Answer on attending national tournaments this summer should be a simple one

  • Stevenson senior Justin Ross (14) was looking forward to playing in USA Volleyball's Junior Nationals in Reno, Nev.

      Stevenson senior Justin Ross (14) was looking forward to playing in USA Volleyball's Junior Nationals in Reno, Nev. Paul Valade | Staff Photographer

Updated 5/18/2020 1:10 PM

Decisions, decisions.

The COVID-19 pandemic has society into a different form of living in ways we would never have imagined a few short months ago.


One of those different forms of living applies to many parents who are having to decide about traveling to a club sports tournament this summer.

Forget for a moment many club events in virtually every sport are being canceled or postponed to a future date -- or the ones making plans to play are doing so under stranger-than-strange modified health restrictions.

The most valuable places club teams in most sports go in the summer are out of state. Nevada, Colorado, Ohio, California. Missouri, which recently held a 47-team travel baseball tournament, usually has 180 teams attend.

So, what to do?

Parents don't want to disappoint their teenage athlete, many of whom get much of their motivation from a chance to strike gold at the end of the rainbow at nationals, a place where there are scholarship opportunities for those not heading to college.

Mom, dad and siblings want to go to nationals. For many of them, it's their summer vacation.

Coaches want to go. They've formed a competitive team that gets to culminate its hard work by competing against the best of the best at a national tournament.

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Host organizations want to hold their events. For many it would be financial ruins, or close to it, if they had to cancel an event or events that make or break their bank accounts. And that's not to mention the financial impact these events have on the host cities.

According to Forbes, the youth sports industry contributed $20 billion to the economy in 2018. That's $2 billion more than the NFL. Seminole County near Orlando, Fla., has lost more than $10 million to canceled events, according to

One organization yet to cancel or postpone its junior nationals is USA Volleyball. Several youth sports organizations -- including USA Gymnastics and USA Taekwondo -- have canceled summer seasons and events.

That's left clubs like Adversity Volleyball Club in Vernon Hills and families like Justin Ross' in a murky situation.

"The thought of not going is killing me but I do not want to be responsible for going and having a kid get sick," said Keith Kujawa, the boys program director and travel coordinator for Adversity Volleyball Club. He told players and parents of the eight teams signed up to go to Reno in an email Friday the decision had been made to pull Adversity's teams from the Reno event.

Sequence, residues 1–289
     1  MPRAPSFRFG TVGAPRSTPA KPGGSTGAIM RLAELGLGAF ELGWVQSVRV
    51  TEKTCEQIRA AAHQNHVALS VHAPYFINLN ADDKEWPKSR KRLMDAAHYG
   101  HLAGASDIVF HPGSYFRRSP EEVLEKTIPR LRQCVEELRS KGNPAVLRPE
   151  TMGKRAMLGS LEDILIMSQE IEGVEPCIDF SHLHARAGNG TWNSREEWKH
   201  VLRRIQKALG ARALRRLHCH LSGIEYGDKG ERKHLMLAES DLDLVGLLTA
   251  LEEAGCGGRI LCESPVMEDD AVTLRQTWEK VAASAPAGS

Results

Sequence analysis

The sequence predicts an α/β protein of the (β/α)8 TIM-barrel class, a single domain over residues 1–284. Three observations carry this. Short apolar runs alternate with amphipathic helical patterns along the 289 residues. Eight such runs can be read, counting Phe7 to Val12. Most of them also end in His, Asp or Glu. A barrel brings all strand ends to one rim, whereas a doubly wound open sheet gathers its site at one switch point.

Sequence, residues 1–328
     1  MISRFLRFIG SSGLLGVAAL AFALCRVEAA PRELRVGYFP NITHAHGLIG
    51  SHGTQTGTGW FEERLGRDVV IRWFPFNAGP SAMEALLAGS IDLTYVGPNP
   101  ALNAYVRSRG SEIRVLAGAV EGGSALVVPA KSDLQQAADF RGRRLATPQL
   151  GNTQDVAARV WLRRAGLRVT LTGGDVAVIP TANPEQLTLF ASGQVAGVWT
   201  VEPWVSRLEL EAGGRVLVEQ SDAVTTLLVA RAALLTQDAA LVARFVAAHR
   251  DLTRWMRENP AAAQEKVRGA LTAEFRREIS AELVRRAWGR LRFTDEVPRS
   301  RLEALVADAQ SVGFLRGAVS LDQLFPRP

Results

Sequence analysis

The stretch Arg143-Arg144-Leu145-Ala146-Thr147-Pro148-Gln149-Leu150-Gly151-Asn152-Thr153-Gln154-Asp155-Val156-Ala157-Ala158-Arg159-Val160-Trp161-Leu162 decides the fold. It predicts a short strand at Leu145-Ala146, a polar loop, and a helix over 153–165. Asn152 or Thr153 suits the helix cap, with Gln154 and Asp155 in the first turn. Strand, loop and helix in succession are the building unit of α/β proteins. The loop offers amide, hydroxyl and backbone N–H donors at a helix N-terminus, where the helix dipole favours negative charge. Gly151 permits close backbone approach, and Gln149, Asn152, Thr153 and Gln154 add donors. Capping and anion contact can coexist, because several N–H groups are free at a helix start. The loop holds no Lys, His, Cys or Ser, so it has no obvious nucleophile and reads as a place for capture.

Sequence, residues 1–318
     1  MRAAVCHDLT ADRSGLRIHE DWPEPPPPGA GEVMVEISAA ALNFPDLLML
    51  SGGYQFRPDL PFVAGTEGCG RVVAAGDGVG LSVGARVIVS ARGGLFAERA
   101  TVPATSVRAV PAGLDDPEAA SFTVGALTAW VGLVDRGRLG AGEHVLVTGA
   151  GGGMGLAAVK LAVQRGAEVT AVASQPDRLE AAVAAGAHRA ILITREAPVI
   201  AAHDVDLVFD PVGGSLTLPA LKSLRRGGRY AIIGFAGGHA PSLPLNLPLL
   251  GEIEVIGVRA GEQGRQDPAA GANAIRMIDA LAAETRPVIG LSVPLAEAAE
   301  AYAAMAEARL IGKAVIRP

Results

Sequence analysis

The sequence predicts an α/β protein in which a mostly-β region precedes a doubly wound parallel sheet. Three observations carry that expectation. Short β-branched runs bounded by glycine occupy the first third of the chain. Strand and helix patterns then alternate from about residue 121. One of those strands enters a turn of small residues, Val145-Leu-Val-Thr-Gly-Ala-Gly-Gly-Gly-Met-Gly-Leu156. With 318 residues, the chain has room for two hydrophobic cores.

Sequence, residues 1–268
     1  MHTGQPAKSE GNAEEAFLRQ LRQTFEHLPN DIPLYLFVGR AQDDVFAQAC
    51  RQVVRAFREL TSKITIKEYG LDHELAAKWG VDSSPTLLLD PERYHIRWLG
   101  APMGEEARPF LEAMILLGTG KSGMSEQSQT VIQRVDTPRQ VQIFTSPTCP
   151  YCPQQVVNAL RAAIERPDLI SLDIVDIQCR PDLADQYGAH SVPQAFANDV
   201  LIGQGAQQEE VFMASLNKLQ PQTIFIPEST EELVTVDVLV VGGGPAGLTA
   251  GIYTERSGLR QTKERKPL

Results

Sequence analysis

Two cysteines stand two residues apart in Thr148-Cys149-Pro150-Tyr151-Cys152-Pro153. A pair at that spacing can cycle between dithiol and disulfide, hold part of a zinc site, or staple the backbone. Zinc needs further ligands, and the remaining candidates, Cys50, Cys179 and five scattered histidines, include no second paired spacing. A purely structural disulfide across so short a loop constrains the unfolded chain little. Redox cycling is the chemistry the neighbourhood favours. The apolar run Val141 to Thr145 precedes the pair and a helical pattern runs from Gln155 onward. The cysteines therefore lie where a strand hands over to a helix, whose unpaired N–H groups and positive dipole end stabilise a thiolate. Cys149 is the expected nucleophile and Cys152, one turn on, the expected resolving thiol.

Ross, a Stevenson senior, plays for Adversity's 18U Adidas team. Having lost his senior high school season to the shutdown, Ross was looking forward to competing in Reno before he heads to Loyola University this fall to play volleyball and study environmental science.

"It's a huge bummer," Ross said of not going to Reno. "You work the entire year to go to junior nationals and work for the gold. It's really disappointing but I think people need to listen to the scientists."

Ross' mom, Felicia, believes USA Volleyball should make a decision on canceling the tournament.

"It put the onus on the parents and coaches," she said. "I hope USA Volleyball makes a decision. We're heartbroken. There's already been a lot of loss and grief and this adds to the pile. Canceling would be the responsible thing for USA Volleyball to do."

Communications directors for USA Volleyball did not respond to multiple emails and phone calls for comment. The USA Volleyball website was last updated May 8 and has a statement saying the tournament is scheduled as planned. As of Friday there were 253 teams from across the country registered to play.

The AAU national girls volleyball tournament, scheduled June 16 to 28 in Orlando with more than 800 teams registered, has been rescheduled for mid-July.

We implore the national organizations in all club sports who have yet to cancel their national tournaments to do so. Why they would want to risk the spread of the virus over a volleyball, softball, baseball, basketball or any other tournament where thousands of people are traveling in from all over the country is unfathomable.

While the possibility of local tournaments in some sports, mostly those played outdoors, is hanging onto a glimmer of hope for this summer, to club teams in all sports in and around the suburbs who are thinking of throwing caution to the wind this summer and traveling out of state to play in a large participation event, especially one that would require air travel, we offer an answer to the question, "To go or not to go."


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